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Netanyahu to All European Jews: Israel Is Your Home
International

Netanyahu to All European Jews: Israel Is Your Home

Israel prime minister Benjamin Netanyahu invited Jews from France and the rest of Europe to immigrate to the state of Israel, referring to what he sees as a “rising tide of anti-Semitism”, while adding that “Israel is their home.”
“To all the Jews of France, all the Jews of Europe, I would like to say that Israel is not just the place in whose direction you pray, the state of Israel is your home,” he said in a televised statement, referring to the Jewish practice of facing Jerusalem during prayer, AP reported.
“Unless the world comes to its senses, terror will continue to strike in other places,” he added in remarks on his official Twitter account.
Netanyahu’s comments came after four people were killed inside a kosher supermarket in Paris. He said every Jew who wanted to move to Israel would be “welcomed with a warm heart and open arms.”
He also called on lawmakers to alter the existing immigration laws to make it easier for Jews to permanently move to Israel.
Media said he had ordered a ministerial committee to convene next week to discuss ways to encourage immigration of French and other European Jews to Israel. Netanyahu also asked French President Francois Hollande to maintain heightened security at Jewish institutions.
Israel foreign minister Avigdor Lieberman Lieberman met Saturday evening with Israeli ministry and security officials to discuss repercussions of the attacks.
“The meeting discussed strengthening ties with the heads of the Jewish community in France and the security of the various institutions of the Jewish community there,” ministry spokesman Emmanuel Nahshon said in a statement.

  Suspect Trace
A woman hunted by French police as a suspect in the attacks on Charlie Hebdo and the Jewish supermarket in Paris left France several days before the killings and is believed to be in Syria, Turkish and French sources said.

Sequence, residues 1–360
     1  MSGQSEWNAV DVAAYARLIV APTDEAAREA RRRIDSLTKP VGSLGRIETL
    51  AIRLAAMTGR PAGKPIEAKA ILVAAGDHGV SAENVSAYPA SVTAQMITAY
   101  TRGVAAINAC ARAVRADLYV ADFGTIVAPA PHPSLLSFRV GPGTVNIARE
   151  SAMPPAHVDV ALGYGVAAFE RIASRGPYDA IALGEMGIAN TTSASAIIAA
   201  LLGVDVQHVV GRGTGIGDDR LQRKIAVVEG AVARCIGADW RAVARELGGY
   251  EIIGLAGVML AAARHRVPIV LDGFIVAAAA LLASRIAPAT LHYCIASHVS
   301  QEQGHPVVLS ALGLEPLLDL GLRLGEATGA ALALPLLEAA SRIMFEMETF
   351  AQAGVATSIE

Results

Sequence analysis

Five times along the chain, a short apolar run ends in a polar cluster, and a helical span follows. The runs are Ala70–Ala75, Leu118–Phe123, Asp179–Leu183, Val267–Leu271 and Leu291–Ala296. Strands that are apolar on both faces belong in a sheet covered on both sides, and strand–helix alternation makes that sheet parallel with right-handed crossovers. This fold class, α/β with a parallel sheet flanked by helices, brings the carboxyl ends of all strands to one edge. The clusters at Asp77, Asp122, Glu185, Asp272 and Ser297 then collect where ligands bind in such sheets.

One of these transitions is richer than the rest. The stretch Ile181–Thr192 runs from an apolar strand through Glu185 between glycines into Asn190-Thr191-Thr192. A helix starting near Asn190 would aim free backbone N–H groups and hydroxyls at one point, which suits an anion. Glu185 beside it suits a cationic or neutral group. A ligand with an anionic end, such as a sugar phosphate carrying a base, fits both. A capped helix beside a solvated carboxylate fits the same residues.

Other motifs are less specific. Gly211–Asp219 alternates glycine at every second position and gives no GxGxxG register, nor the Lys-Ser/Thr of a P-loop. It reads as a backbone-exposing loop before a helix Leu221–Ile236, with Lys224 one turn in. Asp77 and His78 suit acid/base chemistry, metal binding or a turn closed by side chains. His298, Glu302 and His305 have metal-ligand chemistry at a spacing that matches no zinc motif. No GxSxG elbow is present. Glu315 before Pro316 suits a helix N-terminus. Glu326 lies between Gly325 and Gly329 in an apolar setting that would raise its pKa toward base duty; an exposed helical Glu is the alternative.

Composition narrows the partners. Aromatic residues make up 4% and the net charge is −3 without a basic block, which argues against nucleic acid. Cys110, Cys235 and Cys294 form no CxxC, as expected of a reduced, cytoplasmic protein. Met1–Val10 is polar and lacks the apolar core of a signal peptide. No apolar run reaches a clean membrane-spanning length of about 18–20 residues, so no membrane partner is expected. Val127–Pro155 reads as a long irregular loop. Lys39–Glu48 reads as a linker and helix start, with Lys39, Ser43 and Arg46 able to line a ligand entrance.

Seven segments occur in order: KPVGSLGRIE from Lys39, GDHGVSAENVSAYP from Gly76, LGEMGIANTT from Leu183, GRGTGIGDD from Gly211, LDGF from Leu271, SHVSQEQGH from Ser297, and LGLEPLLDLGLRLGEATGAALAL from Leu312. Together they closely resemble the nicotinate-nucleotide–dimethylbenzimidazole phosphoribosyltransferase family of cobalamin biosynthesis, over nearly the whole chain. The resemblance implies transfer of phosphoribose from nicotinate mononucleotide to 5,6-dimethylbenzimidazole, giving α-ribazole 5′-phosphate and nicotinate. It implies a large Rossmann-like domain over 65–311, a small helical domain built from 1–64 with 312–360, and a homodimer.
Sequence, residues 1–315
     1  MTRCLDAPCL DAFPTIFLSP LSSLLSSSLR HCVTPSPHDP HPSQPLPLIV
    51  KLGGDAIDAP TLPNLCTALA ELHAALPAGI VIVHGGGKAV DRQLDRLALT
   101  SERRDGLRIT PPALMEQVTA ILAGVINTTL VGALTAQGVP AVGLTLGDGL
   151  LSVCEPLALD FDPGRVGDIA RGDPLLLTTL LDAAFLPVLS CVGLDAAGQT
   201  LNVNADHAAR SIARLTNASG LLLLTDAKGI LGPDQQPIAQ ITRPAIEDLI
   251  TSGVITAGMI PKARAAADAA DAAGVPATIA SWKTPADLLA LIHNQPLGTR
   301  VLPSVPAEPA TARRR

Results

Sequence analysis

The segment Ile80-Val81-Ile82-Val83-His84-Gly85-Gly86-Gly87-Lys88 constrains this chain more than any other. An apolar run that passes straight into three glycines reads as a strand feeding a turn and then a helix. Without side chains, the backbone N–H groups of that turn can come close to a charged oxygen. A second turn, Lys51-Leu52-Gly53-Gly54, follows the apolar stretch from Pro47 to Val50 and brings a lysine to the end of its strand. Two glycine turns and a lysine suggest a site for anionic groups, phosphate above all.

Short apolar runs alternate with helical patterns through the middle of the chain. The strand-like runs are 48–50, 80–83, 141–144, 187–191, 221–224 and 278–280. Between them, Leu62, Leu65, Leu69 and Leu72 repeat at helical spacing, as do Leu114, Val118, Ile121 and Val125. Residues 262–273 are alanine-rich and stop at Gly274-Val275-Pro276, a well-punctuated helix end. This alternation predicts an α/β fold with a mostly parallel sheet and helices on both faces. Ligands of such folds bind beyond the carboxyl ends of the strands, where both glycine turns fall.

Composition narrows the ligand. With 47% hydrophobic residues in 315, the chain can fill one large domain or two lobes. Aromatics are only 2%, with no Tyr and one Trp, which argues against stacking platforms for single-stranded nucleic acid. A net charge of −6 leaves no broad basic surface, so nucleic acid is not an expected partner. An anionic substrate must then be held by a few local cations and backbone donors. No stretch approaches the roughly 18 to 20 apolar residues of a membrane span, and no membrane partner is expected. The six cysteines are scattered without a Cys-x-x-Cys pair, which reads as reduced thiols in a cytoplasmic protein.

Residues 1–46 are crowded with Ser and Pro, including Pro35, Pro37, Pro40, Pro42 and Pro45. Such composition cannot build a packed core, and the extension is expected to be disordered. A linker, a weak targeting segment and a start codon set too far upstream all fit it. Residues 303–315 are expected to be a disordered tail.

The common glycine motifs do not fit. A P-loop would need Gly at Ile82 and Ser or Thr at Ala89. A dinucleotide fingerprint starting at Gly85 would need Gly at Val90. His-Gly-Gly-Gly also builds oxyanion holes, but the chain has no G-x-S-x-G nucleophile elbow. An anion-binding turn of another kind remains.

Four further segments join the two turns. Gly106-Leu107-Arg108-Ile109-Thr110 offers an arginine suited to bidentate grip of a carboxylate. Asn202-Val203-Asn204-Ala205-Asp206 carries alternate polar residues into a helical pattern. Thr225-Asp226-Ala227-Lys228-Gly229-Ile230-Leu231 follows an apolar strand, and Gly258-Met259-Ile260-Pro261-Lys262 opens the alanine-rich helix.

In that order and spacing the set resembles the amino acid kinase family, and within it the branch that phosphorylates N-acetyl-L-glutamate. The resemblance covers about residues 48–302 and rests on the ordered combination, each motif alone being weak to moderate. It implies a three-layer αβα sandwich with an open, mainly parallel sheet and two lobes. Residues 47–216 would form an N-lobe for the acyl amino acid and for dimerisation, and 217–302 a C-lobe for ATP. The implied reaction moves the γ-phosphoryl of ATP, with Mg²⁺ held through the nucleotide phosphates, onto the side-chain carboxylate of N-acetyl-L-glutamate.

After killing the gunmen behind the worst assault in France for decades, French police launched in an intensive search for Hayat Boumeddiene, the 26-year-old accomplice of one of the attackers, Amedy Coulibaly, describing her as “armed and dangerous.”
But a source familiar with the situation said that Boumeddiene left France last week and traveled to Syria via Turkey. A senior Turkish official corroborated that account, saying she passed through Istanbul on January 2.
A senior Turkish security official said Paris and Ankara were now cooperating in trying to trace her, but said she arrived in Istanbul without any warning from France.
“After they informed us about her ... we identified her mobile phone signal on Jan 8. We think she is in Syriaat the moment but we do not have any evidence about that ... She is most probably not in Turkey,” the source said, adding the last signal from her phone was detected on Thursday.
French security forces shot dead the two brothers behind the Hebdo killings after they took refuge in the print works. They also killed Boumeddiene’s partner who planted explosives at the Paris deli in a siege that claimed the lives of four hostages.
On Saturday, police maintained a heavy presence around the French capital, with patrols at sensitive sites including media offices, and local vigils were held across France.

  Massive Rally
Hundreds of thousands of people took to the streets across France in response to three days of mayhem, as terrorist attacks rocked its capital resulting in the deaths of some 20 people – 17 victims, and three gunmen.
In total, 700,000 marched across France, Interior Minister, Bernard Cazeneuve, told reporters. Some 30,000 turned up in Pau, southwest France, while a further 20,000 took to the streets in Orleans to pay respects to the dead.
In Marseille, 45,000 people expressed similar sentiments with a rally banner that said “For democracy, equality, freedom, let’s fight fascism”.
Up to 20,000 also marched across the northwestern town of Saint-Nazaire. More rallies were held in Nice and Caen. Outside France, thousands of people rallied in Milan, holding banners reading “Je Suis Charlie” (I am Charlie) as a sign of solidarity with the victims of the deadly assaults.

 

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